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Early Corn Rootworm Larval Hatch Anticipated: An Update on Heat-Unit Accumulations

May 18, 2001
During the past several days, we've received a few reports concerning the first sightings of fireflies or lightningbugs. As many veteran corn rootworm observers know, the first observation of these luminescent insects often coincides with the hatch of corn rootworm larvae. However, there is no biological or ecological linkage between these two events. Western and northern corn rootworm eggs have a developmental threshold of 52°F. About 380 to 426 degree-day accumulations are required for 50% of the larvae to hatch. Robert Scott, Illinois State Water Survey, has provided us with Figure 1, which depicts soil heat-unit (base 52°F) accumulations at the 4-inch level from January 1 through May 13, 2001. According to Robert's calculations, the soil heat-unit accumulations (January 1 to mid-May) for 2001 are very similar to last year's for this period. Last year, first-instar corn rootworm larvae were detected initially in root tips on May 22 by Purdue University entomologists in Tippecanoe County. The boundary of southern Tippecanoe County corresponds approximately with Highway 136, which bisects Illinois into northern and southern halves. I believe that by early next week (May 21), the corn rootworm larval hatch will be under way in much of central Illinois. This represents an early hatch.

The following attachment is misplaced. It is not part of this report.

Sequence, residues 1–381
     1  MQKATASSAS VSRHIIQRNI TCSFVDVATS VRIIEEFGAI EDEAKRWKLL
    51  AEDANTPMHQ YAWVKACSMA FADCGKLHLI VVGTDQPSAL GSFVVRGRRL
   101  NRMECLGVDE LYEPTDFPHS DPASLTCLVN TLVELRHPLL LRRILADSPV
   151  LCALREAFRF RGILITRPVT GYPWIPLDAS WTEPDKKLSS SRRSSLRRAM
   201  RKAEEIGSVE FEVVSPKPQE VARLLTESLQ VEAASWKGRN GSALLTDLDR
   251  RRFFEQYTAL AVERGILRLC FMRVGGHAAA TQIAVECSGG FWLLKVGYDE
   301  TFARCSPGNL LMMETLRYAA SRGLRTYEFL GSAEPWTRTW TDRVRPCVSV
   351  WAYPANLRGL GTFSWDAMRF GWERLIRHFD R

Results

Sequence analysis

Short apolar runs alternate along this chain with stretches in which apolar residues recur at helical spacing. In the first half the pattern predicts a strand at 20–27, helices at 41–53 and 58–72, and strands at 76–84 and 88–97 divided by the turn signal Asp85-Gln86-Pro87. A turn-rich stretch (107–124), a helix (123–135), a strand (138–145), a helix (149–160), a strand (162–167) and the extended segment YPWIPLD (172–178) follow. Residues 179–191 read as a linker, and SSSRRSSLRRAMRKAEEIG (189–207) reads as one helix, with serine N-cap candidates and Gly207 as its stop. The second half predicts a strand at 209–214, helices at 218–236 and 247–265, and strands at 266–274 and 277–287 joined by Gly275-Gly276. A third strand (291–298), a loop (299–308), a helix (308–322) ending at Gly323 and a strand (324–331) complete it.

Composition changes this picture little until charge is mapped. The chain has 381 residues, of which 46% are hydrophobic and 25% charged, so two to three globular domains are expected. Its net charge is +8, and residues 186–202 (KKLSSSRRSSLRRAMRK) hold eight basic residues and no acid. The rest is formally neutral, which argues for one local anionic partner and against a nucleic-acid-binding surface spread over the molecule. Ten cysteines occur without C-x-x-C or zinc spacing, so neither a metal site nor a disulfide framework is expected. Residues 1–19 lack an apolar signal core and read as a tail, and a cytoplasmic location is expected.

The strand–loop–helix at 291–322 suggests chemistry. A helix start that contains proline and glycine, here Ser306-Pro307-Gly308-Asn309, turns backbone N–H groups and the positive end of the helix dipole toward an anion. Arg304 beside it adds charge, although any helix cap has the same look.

If the dry and warm conditions persist across much of east-central and central Illinois counties, good-to-excellent survival of larvae is anticipated following the hatch. In addition, soil insecticide performance will not be enhanced by these dry soil conditions. Please let us know when you detect corn rootworm larvae in your fields, and we'll pass along the observation to all our readers.--Mike Gray


Corn rootworm larva.

Author: Mike Gray


The Pest Management and Crop Development Bulletin
Executive Editor: Kevin Steffey, Extension Entomologist

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